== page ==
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Nov 30 2017

Pondering the Pundits

Pondering the Pundits” is an Open Thread. It is a selection of editorials and opinions from> around the news medium and the internet blogs. The intent is to provide a forum for your reactions and opinions, not just to the opinions presented, but to what ever you find important.

Thanks to ek hornbeck, click on the link and you can access all the past “Pondering the Pundits”.

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Madeleine K. Albright: The national security emergency we’re not talking about

America’s diplomatic professionals have issued a dire warning about the crisis facing the State Department: Scores of top diplomats, including some of our highest-ranked career Foreign Service officers, have left the agency at “a dizzying speed” over the past 10 months.

“The rapid loss of so many senior officers has a serious, immediate and tangible effect on the capacity of the United States to shape world events,” wrote former ambassador Barbara Stephenson, president of the American Foreign Service Association (AFSA).

As a former secretary of state, I agree. This is not a story that has two sides. It is simply a fact that the United States relies on diplomacy as our first line of defense — to cement alliances, build coalitions, address global problems and find ways to protect our interests without resorting to military force. When we must use force, as in the fight against the Islamic State, our diplomats ensure that we can do so effectively and with the cooperation of other countries.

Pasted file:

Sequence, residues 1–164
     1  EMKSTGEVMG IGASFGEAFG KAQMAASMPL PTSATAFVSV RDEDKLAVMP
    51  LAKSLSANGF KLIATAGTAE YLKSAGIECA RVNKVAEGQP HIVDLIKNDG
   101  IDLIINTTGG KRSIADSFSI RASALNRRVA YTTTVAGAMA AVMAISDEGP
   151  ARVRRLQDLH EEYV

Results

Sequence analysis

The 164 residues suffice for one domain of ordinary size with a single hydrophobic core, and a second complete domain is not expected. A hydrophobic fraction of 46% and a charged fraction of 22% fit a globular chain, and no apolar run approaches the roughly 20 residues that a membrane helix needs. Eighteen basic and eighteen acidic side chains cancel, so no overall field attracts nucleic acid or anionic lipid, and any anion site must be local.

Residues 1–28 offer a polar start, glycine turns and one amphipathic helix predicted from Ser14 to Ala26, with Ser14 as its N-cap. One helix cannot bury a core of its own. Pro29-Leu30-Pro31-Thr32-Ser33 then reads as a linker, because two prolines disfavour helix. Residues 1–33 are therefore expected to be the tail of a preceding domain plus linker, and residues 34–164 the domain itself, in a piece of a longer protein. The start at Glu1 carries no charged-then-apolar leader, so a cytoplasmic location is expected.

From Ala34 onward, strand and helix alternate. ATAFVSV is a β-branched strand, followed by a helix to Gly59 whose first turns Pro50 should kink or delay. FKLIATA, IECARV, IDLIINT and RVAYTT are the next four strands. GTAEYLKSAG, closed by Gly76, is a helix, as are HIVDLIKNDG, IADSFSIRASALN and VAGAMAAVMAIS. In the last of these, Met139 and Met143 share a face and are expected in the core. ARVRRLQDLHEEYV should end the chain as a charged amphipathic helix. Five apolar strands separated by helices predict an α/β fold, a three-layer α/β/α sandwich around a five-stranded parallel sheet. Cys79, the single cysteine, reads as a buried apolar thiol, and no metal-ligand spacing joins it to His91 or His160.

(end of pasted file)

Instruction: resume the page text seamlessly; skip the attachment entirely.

Richard Eskow: Mulvaney’s In, Bankers Win, and Trump Shafts Americans Again

A Trump-appointed judge has issued his ruling. Mick Mulvaney – the Tea Party Congressman turned Trump apparatchik – will run the Consumer Financial Protection Bureau. The political extremist who once said the CFPB was “extremely frightening,” who called it “a joke… in a sick, sad kind of way” and said he would “like to get rid of it,” is now its Acting Director.

Mulvaney didn’t wait for the judge’s ruling before taking the helm. He showed up at the office bearing doughnuts for the staff.

Were the condemned being served their last meal?

On his first day on the job, Mulvaney froze all hiring and rule-making, bringing the bureau’s critical work to an effective standstill. The banks had won the first round. And Trump proved once again that, when it comes to fighting for working Americans, he’s just another fast-talking huckster.

E. J. Dionne: Our political foundation is rotting away

Great nations and proud democracies fall when their systems become so corrupted that the decay is not even noticed — or the rot is written off as a normal part of politics.

President Trump has created exactly such a crisis. He has not done it alone. The corrosion of norms and values began long before he propelled the nation past the edge, and his own party is broadly complicit in enabling his attacks on truth, decency and democratic values.